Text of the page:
Published in Sun Star Daily, Saturday, July 15, 2006 (

Saturday, 8 July 2006

What price victory?

The current World Cup—now on its final stage with the epic clash between footballing titans Italy and France this weekend—has by and large been a very exciting sporting event.

More perhaps in the earlier stages than the latter, the participating nations have been quite keen to observe the fair play and sportsmanship that FIFA have taken great pains to stress over and over again in the game.

More than just lip service and token gestures however, the emphasis on fair play and good behavior is critically important in the sport of soccer. Watched by billions of fans around the world and supported by billions of dollars in corporate sponsorships, it is not only the biggest show on earth, but quite literally the biggest sporting business in the planet.

Its stalwarts are worth millions in advertising revenue, with the likes of David Beckham and Ronaldinho easily eclipsing big name American sports stars in terms of advertising income. No wonder it is difficult to play fair and square when it comes down to one’s passbook.

It is therefore no coincidence that the knockout stages— that make or break time when the outcome of a single game determines whether a team goes further in the tournament or goes home—departs from the earlier atmosphere of fair play.

One of the best examples, perhaps, of the change in mood from “gentlemanly” to “take no prisoners” was the contest between The Netherlands and Portugal. In all, the referee showed sixteen yellow cards and sent off three players amidst one of the worst scenes of cheating and dirty tactics ever seen in a major tournament.

Portugal particularly has developed a nasty reputation in this competition for all-around dirty play and rule-breaking. This reached sickening heights in the semi-final contest with France, when Portuguese players would just mysteriously fall to the ground without being tackled, in the hope of getting free kicks or penalties from the referee. Unfortunately, like the boy who cried wolf once too often, the referee never paid any attention to their protestations, even if in some instances it did look like some real fouls were being committed against them.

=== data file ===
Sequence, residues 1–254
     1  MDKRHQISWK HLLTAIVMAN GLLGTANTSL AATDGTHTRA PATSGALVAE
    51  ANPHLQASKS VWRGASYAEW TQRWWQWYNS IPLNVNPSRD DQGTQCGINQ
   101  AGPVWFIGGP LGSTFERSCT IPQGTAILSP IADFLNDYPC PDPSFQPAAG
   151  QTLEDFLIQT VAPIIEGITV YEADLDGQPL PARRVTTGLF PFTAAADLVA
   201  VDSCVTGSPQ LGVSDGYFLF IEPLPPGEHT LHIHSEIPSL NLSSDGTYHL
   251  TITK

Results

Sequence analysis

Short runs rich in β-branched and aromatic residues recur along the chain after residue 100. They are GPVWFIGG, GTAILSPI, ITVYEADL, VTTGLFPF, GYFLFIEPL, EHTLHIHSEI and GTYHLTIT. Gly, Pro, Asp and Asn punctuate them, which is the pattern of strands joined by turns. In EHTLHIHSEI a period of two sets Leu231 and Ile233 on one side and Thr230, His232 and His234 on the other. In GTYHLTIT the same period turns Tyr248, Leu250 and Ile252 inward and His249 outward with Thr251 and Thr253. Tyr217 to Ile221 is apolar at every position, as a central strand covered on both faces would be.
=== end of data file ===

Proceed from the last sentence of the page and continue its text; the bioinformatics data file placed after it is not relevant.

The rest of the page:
And of course, such is the irony of life and sport that those who live by cheating are bound to get a dose of their medicine.

Portugal’s exit was by virtue of a penalty kick awarded to France, in what looked to be a questionable foul committed on Thiery Henry while in a scoring opportunity. Appropriate comeuppance for the cheats indeed, if ever one was needed.

It is doubtful, however, if any of this will restore the game to a pristine state of chivalric purity. Too much is at stake, and too much stand to be lost. For the players the World Cup is the chance to sell their wares to prospective clubs and corporate sponsors. In the space of a month millions of dollars in potential transfer deals and advertising clout have been lost by erstwhile top class players who failed to perform to their ability, while millions more were gained by those who have patiently waited on the sidelines, and then used the occasion to show how good their skills were. Exit David Beckham and Roberto Carlos. Enter Steven Gerrard and Fernando Torres.

And yet the pure football fan, wishing only to be mesmerized and entertained by the magicians of the sport, is the one being shortchanged in all this. But thankfully there is still a lesson to be learned here further down the road – fans buy the products that football players advertise. Who wants to buy from a cheat?

Indeed, in the end it may be up to us to teach these cheats a lesson in Business 101.

Published in Sun Star Daily, Saturday, July 08, 2006 (